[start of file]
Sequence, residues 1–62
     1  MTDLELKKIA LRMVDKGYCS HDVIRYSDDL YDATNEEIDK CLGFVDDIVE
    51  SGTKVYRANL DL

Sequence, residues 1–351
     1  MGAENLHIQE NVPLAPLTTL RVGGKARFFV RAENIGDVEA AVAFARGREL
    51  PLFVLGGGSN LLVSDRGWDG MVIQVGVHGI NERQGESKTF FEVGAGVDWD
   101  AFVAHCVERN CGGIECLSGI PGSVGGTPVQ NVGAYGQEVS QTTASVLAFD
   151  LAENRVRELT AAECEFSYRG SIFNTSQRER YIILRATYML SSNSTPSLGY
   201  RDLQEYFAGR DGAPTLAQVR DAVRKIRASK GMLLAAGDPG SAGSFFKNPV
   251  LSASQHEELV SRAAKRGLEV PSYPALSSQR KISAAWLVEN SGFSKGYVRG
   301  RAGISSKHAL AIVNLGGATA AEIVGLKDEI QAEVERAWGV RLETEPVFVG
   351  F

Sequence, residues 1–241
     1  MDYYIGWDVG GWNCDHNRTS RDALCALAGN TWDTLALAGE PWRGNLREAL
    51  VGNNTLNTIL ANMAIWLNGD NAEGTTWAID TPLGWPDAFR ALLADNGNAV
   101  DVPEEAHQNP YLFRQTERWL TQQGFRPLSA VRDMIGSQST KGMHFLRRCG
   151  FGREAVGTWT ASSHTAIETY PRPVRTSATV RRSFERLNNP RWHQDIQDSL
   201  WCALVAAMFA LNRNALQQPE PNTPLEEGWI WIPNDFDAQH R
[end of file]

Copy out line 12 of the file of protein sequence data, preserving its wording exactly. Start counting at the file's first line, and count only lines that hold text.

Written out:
   351  F